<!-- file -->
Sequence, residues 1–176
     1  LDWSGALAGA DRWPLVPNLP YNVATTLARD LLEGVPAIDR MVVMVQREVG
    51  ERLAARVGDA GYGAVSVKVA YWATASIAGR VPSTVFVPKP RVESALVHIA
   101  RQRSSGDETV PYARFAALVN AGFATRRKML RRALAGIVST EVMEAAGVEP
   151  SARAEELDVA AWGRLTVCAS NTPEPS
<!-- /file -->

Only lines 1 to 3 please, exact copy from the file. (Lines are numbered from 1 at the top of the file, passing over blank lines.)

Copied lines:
Sequence, residues 1–176
     1  LDWSGALAGA DRWPLVPNLP YNVATTLARD LLEGVPAIDR MVVMVQREVG
    51  ERLAARVGDA GYGAVSVKVA YWATASIAGR VPSTVFVPKP RVESALVHIA